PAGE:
What's the problem? Simple: Secret spending makes it harder to hold elected officials accountable to the public interest and responsive to voters instead of campaign spenders known only to them. They end up concerned more about wealthy special interests than the common good.

The law says that these social welfare groups are supposed to operate exclusively for the promotion of social welfare — not on political campaign intervention. Yet a handful of groups, including the three discussed above, have exploited vague regulations to spend over $470 million in election-related expenditures, funded by anonymous sources, since 2010. Political lawyers sometimes cited these rules, enacted over a half-century ago, to claim a loophole that allows secret spending so long as it's not an organization's primary purpose.

This conflict between the law and the regulations gave rise to the controversy concerning the IRS's bungled handling of applications for social welfare status, including some by Tea Party and progressive organizations.

As numerous independent investigations have confirmed — most recently by the Department of Justice — the controversy arose from the lack of bright lines concerning political spending and mismanagement, not because of any politically motivated vendettas. The vagueness of the current rules, coupled with a substantial increase in tax-exempt organization applications post-Citizens United, hobbled compliance and enforcement.

It is more important than ever that the IRS and Treasury Department write new rules that are consistent with the Internal Revenue Code, clarify what constitutes political activity under the tax laws, and clearly state that true social welfare groups can spend no more than an insubstantial amount of their resources on political activity. The rest of their political spending should be done through an entity that complies with democratic notions of transparency in government.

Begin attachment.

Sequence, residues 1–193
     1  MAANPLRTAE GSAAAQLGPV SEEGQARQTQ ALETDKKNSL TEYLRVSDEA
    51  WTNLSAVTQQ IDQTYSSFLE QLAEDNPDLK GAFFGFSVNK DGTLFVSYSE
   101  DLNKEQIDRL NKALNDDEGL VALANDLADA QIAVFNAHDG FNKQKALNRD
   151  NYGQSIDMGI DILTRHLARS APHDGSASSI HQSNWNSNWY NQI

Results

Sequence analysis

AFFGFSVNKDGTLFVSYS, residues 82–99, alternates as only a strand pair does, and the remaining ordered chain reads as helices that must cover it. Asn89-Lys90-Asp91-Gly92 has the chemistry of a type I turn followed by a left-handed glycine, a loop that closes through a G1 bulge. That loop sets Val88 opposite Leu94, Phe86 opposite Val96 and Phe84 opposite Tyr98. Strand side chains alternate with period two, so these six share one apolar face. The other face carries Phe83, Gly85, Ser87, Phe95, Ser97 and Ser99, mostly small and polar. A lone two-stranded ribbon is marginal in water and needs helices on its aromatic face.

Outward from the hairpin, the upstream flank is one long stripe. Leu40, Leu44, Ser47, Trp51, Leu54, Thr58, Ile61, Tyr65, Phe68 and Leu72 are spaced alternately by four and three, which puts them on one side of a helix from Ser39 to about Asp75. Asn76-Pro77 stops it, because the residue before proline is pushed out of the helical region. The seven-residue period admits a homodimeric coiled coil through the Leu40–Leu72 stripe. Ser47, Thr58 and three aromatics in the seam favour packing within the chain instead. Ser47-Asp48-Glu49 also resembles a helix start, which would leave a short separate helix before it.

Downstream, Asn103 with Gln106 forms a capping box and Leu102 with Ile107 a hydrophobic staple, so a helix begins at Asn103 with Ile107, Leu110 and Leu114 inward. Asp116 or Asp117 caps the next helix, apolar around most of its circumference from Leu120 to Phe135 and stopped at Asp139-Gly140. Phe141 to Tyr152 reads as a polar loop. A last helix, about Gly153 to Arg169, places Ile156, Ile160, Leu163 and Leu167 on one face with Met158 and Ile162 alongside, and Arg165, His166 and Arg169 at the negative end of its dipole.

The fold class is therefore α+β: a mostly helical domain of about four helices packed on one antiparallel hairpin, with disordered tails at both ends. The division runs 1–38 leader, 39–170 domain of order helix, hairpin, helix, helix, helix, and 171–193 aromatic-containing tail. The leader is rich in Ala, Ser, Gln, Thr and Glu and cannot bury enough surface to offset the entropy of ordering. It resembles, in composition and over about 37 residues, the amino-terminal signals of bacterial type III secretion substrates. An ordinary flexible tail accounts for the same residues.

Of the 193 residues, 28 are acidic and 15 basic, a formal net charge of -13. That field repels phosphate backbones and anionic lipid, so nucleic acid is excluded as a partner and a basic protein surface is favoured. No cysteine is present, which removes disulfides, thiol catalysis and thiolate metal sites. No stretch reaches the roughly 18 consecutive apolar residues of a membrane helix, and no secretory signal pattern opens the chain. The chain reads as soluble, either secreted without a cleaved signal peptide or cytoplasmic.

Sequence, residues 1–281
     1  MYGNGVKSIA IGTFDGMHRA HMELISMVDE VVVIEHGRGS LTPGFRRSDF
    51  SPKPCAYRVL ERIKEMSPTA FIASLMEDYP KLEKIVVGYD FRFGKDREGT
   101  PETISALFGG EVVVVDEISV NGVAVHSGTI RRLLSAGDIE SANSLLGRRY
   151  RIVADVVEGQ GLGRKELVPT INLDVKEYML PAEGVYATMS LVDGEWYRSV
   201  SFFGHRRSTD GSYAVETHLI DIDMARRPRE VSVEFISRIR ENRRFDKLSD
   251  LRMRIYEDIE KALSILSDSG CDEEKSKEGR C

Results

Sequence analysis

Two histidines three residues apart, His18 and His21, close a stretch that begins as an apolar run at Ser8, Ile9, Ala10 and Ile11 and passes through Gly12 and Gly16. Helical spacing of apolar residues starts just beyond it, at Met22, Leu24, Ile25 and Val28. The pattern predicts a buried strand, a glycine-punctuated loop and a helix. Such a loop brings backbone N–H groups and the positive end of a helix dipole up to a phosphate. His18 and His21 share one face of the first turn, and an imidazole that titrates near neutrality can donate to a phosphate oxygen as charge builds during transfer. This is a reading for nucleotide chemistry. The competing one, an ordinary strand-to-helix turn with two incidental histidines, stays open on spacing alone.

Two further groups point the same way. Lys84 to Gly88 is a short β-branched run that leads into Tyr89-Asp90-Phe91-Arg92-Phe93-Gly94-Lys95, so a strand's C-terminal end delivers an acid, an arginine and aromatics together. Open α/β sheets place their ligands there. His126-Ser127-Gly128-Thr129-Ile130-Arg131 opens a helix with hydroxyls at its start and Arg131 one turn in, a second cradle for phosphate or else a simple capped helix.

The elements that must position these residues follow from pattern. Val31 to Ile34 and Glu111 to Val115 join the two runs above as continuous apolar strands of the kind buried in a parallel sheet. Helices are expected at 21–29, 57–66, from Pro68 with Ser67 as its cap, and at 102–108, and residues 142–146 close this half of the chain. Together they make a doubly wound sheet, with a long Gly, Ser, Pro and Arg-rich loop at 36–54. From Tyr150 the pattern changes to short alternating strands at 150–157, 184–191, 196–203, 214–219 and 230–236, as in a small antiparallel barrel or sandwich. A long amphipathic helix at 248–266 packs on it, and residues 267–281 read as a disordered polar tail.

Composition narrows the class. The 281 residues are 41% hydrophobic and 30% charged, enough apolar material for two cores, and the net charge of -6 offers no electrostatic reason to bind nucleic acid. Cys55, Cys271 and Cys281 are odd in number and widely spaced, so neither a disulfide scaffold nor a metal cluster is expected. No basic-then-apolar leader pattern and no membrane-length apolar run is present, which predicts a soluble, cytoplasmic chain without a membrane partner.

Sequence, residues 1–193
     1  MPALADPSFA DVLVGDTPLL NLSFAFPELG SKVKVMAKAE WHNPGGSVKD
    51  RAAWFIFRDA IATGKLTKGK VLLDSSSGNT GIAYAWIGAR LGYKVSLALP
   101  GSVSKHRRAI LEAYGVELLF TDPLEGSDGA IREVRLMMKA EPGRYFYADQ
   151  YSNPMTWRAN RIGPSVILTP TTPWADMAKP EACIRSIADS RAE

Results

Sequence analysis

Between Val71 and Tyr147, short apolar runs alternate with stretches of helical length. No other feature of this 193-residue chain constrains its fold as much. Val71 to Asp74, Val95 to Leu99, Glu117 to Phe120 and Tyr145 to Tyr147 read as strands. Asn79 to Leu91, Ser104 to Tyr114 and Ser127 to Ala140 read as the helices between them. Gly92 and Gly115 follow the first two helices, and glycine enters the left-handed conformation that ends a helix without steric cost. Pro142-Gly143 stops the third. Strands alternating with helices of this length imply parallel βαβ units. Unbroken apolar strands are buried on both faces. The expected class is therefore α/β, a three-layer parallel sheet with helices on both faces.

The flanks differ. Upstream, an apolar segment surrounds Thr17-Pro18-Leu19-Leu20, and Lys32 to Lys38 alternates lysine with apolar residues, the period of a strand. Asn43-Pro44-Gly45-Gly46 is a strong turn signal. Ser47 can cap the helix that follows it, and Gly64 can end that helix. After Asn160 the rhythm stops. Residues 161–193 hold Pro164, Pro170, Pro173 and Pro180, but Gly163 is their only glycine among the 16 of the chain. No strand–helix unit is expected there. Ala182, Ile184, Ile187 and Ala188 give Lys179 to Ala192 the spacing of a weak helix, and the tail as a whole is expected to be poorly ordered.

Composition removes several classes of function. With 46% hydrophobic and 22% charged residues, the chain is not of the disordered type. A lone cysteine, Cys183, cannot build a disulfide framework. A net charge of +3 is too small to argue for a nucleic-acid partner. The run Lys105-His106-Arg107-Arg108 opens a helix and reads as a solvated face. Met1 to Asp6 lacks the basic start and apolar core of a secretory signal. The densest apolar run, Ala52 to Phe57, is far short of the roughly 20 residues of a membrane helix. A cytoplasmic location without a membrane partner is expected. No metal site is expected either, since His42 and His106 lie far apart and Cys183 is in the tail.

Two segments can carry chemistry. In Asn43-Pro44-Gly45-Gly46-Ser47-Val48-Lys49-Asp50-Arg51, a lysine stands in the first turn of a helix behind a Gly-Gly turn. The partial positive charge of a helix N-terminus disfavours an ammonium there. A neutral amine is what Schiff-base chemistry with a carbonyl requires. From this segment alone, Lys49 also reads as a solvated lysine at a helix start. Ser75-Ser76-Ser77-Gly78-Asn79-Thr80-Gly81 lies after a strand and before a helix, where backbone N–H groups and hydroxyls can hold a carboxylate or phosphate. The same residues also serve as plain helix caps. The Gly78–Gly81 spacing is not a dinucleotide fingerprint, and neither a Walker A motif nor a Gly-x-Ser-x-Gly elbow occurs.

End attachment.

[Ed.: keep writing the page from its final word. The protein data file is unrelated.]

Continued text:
More than 6,500 Common Cause members filed formal comments with the IRS over the past few weeks to urge IRS to continue with its ongoing rule-making in keeping with these principles. That's more than double the 3,000 comments that IRS Commissioner John

Koskinen told the Senate that the IRS received in its initial comment period on the specific issue of how much campaign activity social welfare groups can do with money from undisclosed sources.

Both parties have worked together to bring more sunlight to our campaigns before, at both the federal and state levels. It's time we do that again. Two years after the IRS and Treasury Department's first attempt at reforming this system, we look forward to the next round of rules that we hope will restore transparency and accountability to our democracy.

Spaulding is senior policy counsel and legal director at Common Cause.